Breed Info Summary
Breed Suits (families, active lifestyles, companionship
The Rhodesian ridgeback has origins in southern Africa, when it was bred with other breeds brought to the area by European immigrants in the 1600s. Mastiffs, Great Danes, bulldogs, bloodhounds, greyhounds, and terriers are among the dog breeds that made up this mix.
An early version of the ridgeback was employed for big-game hunting by a hunter from Rhodesia (now Zimbabwe) in the 1800s. He discovered that the dogs were fearless when it came to confronting and holding lions and other animals.
Nowadays, this breed is not only territorially protective, but is also very committed and caring to family members.
The Rhodesian Ridgeback is a combination of independence and intelligence that can be fascinating, challenging, and satisfying all at the same time. It's crucial to start training as soon as possible and to be firm — but not harsh — and consistent.
The Rhodesian Ridgeback has a strong prey drive due to hunting heritage. That means stray cats and other small furry animals aren't always welcome in your yard. Your yard should therefore be properly fenced to keep him from hunting on his own.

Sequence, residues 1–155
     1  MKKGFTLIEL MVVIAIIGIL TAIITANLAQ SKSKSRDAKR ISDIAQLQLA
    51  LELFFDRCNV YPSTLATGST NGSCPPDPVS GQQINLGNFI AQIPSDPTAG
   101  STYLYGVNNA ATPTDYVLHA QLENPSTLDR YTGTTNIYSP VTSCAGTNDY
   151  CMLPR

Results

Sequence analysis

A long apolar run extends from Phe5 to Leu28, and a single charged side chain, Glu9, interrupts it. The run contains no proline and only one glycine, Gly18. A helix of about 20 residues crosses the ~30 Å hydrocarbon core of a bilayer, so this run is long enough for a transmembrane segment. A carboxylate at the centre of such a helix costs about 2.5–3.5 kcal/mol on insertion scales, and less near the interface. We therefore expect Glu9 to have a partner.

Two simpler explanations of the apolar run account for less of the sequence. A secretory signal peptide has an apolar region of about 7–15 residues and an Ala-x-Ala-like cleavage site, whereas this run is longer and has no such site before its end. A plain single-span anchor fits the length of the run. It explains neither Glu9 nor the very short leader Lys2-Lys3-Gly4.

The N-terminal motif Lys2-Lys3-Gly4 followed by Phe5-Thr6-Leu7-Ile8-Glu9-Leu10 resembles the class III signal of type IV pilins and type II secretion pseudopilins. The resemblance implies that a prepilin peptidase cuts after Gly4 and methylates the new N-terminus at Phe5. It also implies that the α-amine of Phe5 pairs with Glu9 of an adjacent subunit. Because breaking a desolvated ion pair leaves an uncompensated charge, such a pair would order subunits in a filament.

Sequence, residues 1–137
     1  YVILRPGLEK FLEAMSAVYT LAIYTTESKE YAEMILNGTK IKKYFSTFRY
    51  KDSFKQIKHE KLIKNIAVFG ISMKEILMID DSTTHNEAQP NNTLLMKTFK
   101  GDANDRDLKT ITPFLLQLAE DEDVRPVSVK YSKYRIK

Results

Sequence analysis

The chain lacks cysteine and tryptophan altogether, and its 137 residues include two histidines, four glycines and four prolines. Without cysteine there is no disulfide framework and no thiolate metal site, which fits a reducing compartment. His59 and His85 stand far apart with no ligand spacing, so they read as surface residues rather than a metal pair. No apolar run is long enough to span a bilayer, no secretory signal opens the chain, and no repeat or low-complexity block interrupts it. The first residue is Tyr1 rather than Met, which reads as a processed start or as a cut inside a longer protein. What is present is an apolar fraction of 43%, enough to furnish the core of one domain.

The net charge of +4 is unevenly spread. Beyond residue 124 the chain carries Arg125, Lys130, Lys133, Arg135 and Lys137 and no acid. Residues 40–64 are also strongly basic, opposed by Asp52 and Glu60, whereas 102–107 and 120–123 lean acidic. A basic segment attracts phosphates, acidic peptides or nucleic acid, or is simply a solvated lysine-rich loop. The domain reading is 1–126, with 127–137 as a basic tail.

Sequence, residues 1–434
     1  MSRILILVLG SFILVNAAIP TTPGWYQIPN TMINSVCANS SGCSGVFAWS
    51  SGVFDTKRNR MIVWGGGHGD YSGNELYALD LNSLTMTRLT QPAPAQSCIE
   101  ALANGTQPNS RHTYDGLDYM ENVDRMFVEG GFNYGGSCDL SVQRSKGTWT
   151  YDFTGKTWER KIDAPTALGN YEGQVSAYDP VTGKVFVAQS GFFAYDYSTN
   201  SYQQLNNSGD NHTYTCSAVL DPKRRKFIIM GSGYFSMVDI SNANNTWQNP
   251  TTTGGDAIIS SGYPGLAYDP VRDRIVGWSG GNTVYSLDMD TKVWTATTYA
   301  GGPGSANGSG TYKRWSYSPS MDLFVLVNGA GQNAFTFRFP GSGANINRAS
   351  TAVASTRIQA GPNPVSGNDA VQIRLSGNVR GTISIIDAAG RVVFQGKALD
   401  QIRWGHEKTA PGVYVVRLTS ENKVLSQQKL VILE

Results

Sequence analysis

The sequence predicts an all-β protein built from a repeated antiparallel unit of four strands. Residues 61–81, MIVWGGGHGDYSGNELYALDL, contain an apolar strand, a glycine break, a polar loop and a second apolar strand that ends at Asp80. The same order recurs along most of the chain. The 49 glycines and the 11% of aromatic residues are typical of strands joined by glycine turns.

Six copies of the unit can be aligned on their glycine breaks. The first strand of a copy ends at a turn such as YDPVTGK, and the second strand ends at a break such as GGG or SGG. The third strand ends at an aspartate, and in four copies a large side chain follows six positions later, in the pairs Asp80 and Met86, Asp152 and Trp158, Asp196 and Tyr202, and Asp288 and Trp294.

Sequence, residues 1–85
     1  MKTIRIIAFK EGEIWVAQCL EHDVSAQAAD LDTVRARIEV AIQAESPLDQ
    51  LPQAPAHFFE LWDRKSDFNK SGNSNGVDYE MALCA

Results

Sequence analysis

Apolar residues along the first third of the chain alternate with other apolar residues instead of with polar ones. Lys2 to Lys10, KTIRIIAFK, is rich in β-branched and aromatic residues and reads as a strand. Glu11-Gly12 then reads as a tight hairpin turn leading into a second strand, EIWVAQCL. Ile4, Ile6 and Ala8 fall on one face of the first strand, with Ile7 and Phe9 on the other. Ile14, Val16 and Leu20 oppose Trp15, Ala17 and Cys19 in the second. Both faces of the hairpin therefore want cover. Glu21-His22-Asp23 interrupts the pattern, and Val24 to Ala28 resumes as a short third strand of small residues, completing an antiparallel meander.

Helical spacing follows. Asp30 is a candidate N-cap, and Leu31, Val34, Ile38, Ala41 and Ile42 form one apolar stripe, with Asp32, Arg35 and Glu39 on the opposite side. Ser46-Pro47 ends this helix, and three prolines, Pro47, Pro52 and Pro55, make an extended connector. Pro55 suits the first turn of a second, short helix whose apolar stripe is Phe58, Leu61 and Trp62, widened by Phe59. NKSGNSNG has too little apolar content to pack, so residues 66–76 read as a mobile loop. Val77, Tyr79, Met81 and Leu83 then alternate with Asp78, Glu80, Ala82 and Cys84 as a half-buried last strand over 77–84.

Ridgebacks enjoy running, hiking, and playing, but they can get by with daily playtime in the backyard and a walk. Ridgeback puppies and young dogs require a lot of activity. These pups are devoted to their human families and they find life in the backyard to be too boring, meaning occasional outings to the park or beach are especially welcomed.
Pros and cons to consider
- Low grooming care and minimal shedding
- Low drooling
- The perfect watchdog
- Doesn't bark frequently, but if it does then it does so for a reason
- When properly socialised, they are calm and friendly
- Hunting instinct is strong
- Not the best option for first-time home buyers
- Possibly aggressive towards other dogs
- Requires high levels of physical activity